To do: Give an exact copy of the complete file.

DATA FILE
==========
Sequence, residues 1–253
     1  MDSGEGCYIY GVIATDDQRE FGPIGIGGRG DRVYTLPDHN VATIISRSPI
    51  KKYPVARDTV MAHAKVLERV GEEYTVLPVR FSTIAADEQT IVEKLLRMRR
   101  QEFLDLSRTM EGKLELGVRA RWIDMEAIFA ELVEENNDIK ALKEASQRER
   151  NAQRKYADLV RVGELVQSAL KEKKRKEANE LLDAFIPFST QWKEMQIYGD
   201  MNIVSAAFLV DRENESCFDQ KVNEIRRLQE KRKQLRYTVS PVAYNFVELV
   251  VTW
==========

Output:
Sequence, residues 1–253
     1  MDSGEGCYIY GVIATDDQRE FGPIGIGGRG DRVYTLPDHN VATIISRSPI
    51  KKYPVARDTV MAHAKVLERV GEEYTVLPVR FSTIAADEQT IVEKLLRMRR
   101  QEFLDLSRTM EGKLELGVRA RWIDMEAIFA ELVEENNDIK ALKEASQRER
   151  NAQRKYADLV RVGELVQSAL KEKKRKEANE LLDAFIPFST QWKEMQIYGD
   201  MNIVSAAFLV DRENESCFDQ KVNEIRRLQE KRKQLRYTVS PVAYNFVELV
   251  VTW